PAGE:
“Unless a grain of wheat falls into the earth and dies, it remains alone; but if it dies, it bears much fruit.” – John 12:24
“The last enemy to be destroyed is death...Death is swallowed up in victory.” – 1 Corinthians 15:26, 54
"The greater the sin, the greater the mercy, the deeper the death and the brighter the rebirth.” - C. S. Lewis
"This story...has the very taste of primary truth." - J. R. R. Tolkien

Saturday, August 24, 2013

An Open Universe: How Does God Interact with the World?

The goal of physics is to find a complete description of physical reality - to identify the laws or structure of the physical world that can account for all the phenomena we observe, from galaxy formation to wind patterns to ant colonies. Once the initial conditions of the universe are specified at some early time, the laws of physics completely govern the future evolution of the universe. (There are of course quantum mechanical events in which the state of the universe, or some subsystem of it such as a collection of particles, "collapses" to one among many possibilities in an unpredictable way. But these events are governed by very precise and definite rules of probability.)

What room could this leave for God to interact with the world, or with us? Usually when cosmologists talk about the universe (or perhaps multiverse), they don't consider anything "outside" it that might influence it. That is, it is thought of as a closed system. And indeed, it is hard to imagine how anything outside the universe could affect it in a way that respects the laws of physics, which are very rigid and tightly constrained. In order to answer scientific questions, there's no use to introducing new entities outside the universe unless they can be described with physics and interact with the universe in a way that explains some unexplained phenomenon or observation.

Christianity, however, takes the universe as we know it to be part of a larger reality, which originates with God. God interacts with our world in detailed ways - responding to our prayers, working through specific events in peoples' lives, and most importantly, entering the world in human form in Jesus.

All of these claims seem problematic on the level of physics. For example, how are our prayers accessible to God, and how could God set things up in such a staggeringly precise way that specific events in individual human lives could all be encoded in an earlier state of the universe? We cannot say anything as wishy-washy as "God is all-knowing and all-powerful, so God simply must be able to interact with the world in this detailed way." That is a cop-out, and fails to grasp that it is a scientific question. Although such theological language may carry truth, it is not helpful here, because it forces the issue onto a different playing field, when in fact the playing field of physics is not only legitimate, but essential. We are concerned with God's interaction with a physical world described and constrained by physical laws, which cannot simply be "broken" by God anymore than 1+1 made equal to 3: it is inconsistent with His very nature, and therefore impossible.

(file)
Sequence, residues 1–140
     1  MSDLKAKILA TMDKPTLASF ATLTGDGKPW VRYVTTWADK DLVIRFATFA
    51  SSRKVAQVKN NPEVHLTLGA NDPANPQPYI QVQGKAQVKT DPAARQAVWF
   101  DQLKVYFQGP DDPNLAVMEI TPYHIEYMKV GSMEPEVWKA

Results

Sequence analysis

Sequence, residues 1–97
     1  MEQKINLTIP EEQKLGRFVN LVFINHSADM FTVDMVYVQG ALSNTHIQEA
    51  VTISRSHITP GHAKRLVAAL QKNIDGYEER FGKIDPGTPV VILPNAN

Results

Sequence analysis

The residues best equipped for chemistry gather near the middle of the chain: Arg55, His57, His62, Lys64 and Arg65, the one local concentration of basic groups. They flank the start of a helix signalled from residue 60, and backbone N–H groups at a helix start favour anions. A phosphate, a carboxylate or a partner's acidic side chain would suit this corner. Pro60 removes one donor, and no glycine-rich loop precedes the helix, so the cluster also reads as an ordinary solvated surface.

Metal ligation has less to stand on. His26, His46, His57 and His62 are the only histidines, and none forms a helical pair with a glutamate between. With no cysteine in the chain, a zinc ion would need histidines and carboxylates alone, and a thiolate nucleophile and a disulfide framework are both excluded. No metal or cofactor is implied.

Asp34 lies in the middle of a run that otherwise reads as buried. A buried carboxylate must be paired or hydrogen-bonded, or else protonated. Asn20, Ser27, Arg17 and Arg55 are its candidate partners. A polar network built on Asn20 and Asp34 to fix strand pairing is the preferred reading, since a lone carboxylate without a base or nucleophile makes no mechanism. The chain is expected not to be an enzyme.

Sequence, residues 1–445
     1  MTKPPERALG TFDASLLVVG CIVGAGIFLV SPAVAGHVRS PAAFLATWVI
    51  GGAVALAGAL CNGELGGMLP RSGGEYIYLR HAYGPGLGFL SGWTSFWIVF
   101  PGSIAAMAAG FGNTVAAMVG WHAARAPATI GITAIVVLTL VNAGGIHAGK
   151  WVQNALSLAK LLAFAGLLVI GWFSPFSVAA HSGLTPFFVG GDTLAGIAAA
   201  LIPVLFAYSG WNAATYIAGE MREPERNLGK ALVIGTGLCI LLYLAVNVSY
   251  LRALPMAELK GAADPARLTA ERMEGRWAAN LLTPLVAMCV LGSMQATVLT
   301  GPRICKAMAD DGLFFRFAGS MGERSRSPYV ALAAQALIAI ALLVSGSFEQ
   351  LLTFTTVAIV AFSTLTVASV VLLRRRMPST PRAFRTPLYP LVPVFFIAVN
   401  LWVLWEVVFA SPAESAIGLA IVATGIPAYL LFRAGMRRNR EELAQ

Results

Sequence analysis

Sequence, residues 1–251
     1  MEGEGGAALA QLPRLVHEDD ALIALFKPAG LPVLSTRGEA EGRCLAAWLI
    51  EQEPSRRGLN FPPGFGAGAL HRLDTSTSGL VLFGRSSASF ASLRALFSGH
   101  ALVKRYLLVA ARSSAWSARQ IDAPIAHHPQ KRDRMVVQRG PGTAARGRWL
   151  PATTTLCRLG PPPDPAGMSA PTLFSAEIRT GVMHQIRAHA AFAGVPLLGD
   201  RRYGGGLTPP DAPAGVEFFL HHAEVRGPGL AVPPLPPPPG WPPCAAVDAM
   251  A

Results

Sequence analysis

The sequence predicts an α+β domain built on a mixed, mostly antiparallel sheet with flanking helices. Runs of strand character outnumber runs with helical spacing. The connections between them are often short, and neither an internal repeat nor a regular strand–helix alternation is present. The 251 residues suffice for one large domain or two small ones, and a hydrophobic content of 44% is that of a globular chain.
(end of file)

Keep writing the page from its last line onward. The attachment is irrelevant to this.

We might consider various speculative possibilities. Is the initial state of the universe determined in a very precise way so that the evolution of the universe involves the desired specific events? This might work for a completely deterministic universe, but one might object that it seems ad hoc and inelegant. Is there "room" for God to act through the indeterminate nature of quantum mechanics? It's difficult to see how, without messing with the quantum mechanical rules of probability. But perhaps those probabilities describe the vast array of potential histories of the universe (or actual histories, in the many-worlds interpretation), and the realization of just one of those histories is a separate issue. Perhaps, both in the particular realization of the initial conditions of the universe and the particular realizations of quantum mechanical events, a single history is selected from an infinite number of possible histories. How much "fine-tuning," one might wonder, would this require, in order to sync everything together so that events in human lives work out in a very detailed way?

We cannot say. There is certainly no compelling physical theory of how God may interact with the world, but there is much we do not know of the extent of physical reality, and the origin of our universe. So we would be wise not to hastily rule out the possibility that perhaps the universe is not as closed as it seems.

Whatever the case may be, the sum total of reality - including God, our universe, and perhaps many other realms - is by definition a closed system. And perhaps God's interactions with us should be thought of as in some sense interactions taking place within a physical system, as God too may be physical.

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